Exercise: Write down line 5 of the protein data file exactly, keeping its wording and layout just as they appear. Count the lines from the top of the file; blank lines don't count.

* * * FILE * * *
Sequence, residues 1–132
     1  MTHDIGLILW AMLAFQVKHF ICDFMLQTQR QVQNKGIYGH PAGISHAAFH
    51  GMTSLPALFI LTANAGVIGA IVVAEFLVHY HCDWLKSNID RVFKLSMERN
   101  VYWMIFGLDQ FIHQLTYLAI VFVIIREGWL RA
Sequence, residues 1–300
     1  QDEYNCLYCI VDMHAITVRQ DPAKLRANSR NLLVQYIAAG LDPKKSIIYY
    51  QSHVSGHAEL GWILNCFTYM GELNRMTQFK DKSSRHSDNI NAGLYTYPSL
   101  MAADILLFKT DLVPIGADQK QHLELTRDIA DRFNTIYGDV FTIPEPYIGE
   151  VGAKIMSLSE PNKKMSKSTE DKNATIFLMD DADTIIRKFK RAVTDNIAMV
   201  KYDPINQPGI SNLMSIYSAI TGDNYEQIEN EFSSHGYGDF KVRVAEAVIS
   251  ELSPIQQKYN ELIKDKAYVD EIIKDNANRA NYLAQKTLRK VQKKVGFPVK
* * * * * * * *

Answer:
Sequence, residues 1–300